The technology behind the snazzy new “bots” Facebook is rolling out for its Messenger chat app has enormous potential to internalize payments within social media experiences like shopping, travel and entertainment in new, more relevant ways.

But payments industry experts also foresee a long road to broad consumer adoption of bot technology, which relies on software utilities to create interactive messages within instant-message chat services.

Chat apps are on the rise in the U.S. as an alternative to texting and are very popular in Asia, with examples such as WeChat supporting robust mobile commerce.

Combining the power of artificial intelligence and big data to log users’ moves—and moods—on mobile devices, chat-app bot technology could come close to mind-reading by anticipating consumers’ needs and preferences for everything from making reservations and searching for specific items to making instant connections with customers service, to name a few use cases.

Facebook, which hired former PayPal President David Marcus in 2014 to run Messenger, has been gradually increasing Messenger’s payments capabilities. That includes a person to person feature and transaction collaboration with Uber. Other companies, such as PayPal’s Venmo and Snapchat are also pairing social networking and payments.

Taking advantage of Bots to expand payments would be the next step for Messenger.

Saying or typing an idea into the search box of Facebook Messenger eventually will bring up a plethora of relevant bots, and the most significant factor of the technology is its ability to improve customization, as the bot factors in past behavior to refine results, Facebook said this week at its meeting in San Francisco..

Starting with just a few bots from CNN and 1-800-Flowers, Facebook Messenger aims to eventually expand its bot universe by inviting developers to create bots for companies ranging from merchants like Walmart to airlines, the company said.

Using a bot on Messenger, for example, a consumer no longer has to download an app or enter payment card details to order a service like flowers, Facebook CEO Mark Zuckerberg explained, hinting at plans to ensure payments will be embedded in many bots as they populate the chat service in coming months.

“I find it pretty ironic…now to order from 1-800-Flowers you never have to call 1-800-Flowers again,” Zuckerberg quipped.

The promise for merchants driving sales through Facebook Messenger is significant, as the chat service has 900 million users, up nearly 30% from 700 million last year. Facebook also owns the chat service WhatsApp, which has 1 million users, but the company hasn’t indicated it’s adding bots there yet.

Facebook this week made bot-development tools available to more than 50 million businesses, the company said.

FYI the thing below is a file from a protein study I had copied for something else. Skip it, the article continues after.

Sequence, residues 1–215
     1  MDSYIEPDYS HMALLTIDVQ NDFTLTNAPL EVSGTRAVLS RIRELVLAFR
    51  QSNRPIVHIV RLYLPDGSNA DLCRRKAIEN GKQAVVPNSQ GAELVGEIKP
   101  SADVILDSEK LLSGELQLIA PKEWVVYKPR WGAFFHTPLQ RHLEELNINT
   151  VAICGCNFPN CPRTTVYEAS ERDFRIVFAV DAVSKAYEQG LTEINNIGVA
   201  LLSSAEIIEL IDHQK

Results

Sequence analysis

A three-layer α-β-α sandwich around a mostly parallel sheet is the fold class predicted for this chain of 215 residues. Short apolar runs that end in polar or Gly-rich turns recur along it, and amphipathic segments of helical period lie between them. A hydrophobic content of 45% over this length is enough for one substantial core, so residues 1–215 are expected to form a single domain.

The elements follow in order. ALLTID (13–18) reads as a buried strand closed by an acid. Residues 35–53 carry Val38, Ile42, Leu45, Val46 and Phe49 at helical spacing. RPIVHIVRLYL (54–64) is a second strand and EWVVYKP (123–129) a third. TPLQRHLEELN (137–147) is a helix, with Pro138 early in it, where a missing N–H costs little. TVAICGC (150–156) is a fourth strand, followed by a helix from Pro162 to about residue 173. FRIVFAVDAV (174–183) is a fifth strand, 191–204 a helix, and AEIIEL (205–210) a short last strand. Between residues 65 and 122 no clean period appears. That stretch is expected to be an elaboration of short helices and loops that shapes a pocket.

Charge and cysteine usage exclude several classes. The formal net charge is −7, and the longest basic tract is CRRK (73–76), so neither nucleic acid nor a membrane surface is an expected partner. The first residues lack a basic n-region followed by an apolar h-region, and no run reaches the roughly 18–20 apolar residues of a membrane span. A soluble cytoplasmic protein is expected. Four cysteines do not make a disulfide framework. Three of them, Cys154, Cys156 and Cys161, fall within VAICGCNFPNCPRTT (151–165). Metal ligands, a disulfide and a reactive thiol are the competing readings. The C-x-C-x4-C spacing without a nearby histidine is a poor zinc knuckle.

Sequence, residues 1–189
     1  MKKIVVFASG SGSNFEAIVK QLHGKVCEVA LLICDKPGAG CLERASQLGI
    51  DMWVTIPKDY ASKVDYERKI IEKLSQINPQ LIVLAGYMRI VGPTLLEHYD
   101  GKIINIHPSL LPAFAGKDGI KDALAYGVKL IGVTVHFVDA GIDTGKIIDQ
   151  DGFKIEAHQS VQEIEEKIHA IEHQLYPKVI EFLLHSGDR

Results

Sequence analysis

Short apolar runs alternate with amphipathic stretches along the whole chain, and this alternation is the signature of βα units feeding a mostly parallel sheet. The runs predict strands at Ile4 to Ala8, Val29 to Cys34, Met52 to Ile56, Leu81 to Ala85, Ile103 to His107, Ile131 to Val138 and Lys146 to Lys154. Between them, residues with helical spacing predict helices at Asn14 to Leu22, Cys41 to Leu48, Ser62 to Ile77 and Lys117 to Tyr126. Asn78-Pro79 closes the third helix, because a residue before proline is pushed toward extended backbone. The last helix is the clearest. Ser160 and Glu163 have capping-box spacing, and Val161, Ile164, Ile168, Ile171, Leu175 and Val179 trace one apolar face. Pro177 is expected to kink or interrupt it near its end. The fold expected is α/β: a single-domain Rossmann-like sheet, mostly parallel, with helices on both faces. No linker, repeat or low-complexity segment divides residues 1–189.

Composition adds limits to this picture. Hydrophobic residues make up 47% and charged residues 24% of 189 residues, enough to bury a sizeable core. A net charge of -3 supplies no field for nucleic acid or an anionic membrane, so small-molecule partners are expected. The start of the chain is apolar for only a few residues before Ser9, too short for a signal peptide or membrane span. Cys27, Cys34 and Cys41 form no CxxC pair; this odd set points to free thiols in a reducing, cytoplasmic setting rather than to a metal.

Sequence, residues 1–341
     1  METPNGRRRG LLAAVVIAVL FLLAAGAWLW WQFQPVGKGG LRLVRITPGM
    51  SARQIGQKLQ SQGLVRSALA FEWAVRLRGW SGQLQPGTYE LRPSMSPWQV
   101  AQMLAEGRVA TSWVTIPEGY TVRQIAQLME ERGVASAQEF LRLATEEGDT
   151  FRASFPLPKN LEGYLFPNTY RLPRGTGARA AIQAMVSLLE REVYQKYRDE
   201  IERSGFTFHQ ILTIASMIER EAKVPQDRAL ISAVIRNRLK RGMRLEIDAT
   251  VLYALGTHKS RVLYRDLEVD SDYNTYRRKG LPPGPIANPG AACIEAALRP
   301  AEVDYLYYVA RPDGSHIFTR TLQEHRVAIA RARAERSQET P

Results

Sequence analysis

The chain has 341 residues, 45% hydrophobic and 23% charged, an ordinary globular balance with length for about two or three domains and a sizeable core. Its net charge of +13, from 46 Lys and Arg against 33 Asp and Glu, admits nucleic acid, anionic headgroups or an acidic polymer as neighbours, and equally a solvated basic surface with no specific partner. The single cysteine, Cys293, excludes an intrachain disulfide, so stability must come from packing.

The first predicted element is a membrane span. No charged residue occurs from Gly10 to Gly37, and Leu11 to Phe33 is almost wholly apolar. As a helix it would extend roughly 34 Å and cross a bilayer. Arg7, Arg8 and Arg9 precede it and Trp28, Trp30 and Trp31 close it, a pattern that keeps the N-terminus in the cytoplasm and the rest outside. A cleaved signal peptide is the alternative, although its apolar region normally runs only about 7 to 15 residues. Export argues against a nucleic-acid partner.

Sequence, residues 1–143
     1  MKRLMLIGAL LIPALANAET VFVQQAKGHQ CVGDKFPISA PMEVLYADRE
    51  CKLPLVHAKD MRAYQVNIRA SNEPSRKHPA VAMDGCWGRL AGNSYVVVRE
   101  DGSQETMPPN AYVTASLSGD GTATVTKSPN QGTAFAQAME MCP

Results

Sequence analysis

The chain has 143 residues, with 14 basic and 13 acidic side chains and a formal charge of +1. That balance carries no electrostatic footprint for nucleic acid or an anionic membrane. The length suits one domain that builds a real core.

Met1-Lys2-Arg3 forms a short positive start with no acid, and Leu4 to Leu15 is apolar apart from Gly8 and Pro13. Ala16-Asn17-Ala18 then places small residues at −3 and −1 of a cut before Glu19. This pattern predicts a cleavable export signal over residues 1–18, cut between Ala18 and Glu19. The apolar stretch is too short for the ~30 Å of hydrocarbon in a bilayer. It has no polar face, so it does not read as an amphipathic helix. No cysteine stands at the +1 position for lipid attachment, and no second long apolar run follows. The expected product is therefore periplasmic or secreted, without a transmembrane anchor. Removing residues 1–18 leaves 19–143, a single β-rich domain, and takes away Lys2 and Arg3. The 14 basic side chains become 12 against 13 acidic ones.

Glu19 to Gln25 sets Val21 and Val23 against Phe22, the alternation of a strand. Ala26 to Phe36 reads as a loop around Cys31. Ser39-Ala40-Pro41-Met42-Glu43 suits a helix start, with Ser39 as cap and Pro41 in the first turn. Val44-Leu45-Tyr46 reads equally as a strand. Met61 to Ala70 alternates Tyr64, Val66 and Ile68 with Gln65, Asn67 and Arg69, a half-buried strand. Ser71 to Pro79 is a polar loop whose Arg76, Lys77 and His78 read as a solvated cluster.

And though details are scarce about the process of making direct purchases through Messenger, embedding payments into bots on Messenger will be key to monetizing the service, said Richard Crone, a payments analyst with Crone Consulting LLC, who closely tracks mobile commerce and payments.

“Algorithm-based interactions that marry consumer interactions through social media could be explosive for mobile commerce, because it’s harnessing big data that didn’t exist before through the mobile channel, and unlike many other models, it’s all happening with the consumer’s participation because they can opt in or out, as they wish,” Crone said.

Millennials will likely be a prime target for the emerging bot audience, Crone speculated, and there will be plenty of competition as other chat services develop bots.

But broad consumer adoption of bots will face all the usual hurdles that already plague mobile payments, warned Brian Riley, research director with CEB TowerGroup.

“Payment bots will be an interesting addition to consumer purchasing options, but they will likely face headwinds,” Riley said. “If you look at mobile payments adoption in general, takeup is still slow and the bots are likely to face issues similar to what we’ve seen with Apple Pay [and other mobile payment wallets].”

Existing payments providers will likely keep a grip on customers as bots gain visibility, Riley predicted.

“Facebook will have to work to monetize bots, and because the company is unlikely to try to displace financial institutions or PayPal, it will likely work through partnerships, so it doesn’t distract from its core business,” he said.

Payments providers have plenty of opportunities to expand revenues through bots, and those that move early could see advantages, Riley suggests. “There are a handful of issuers with the potential to make the new bot options work.”

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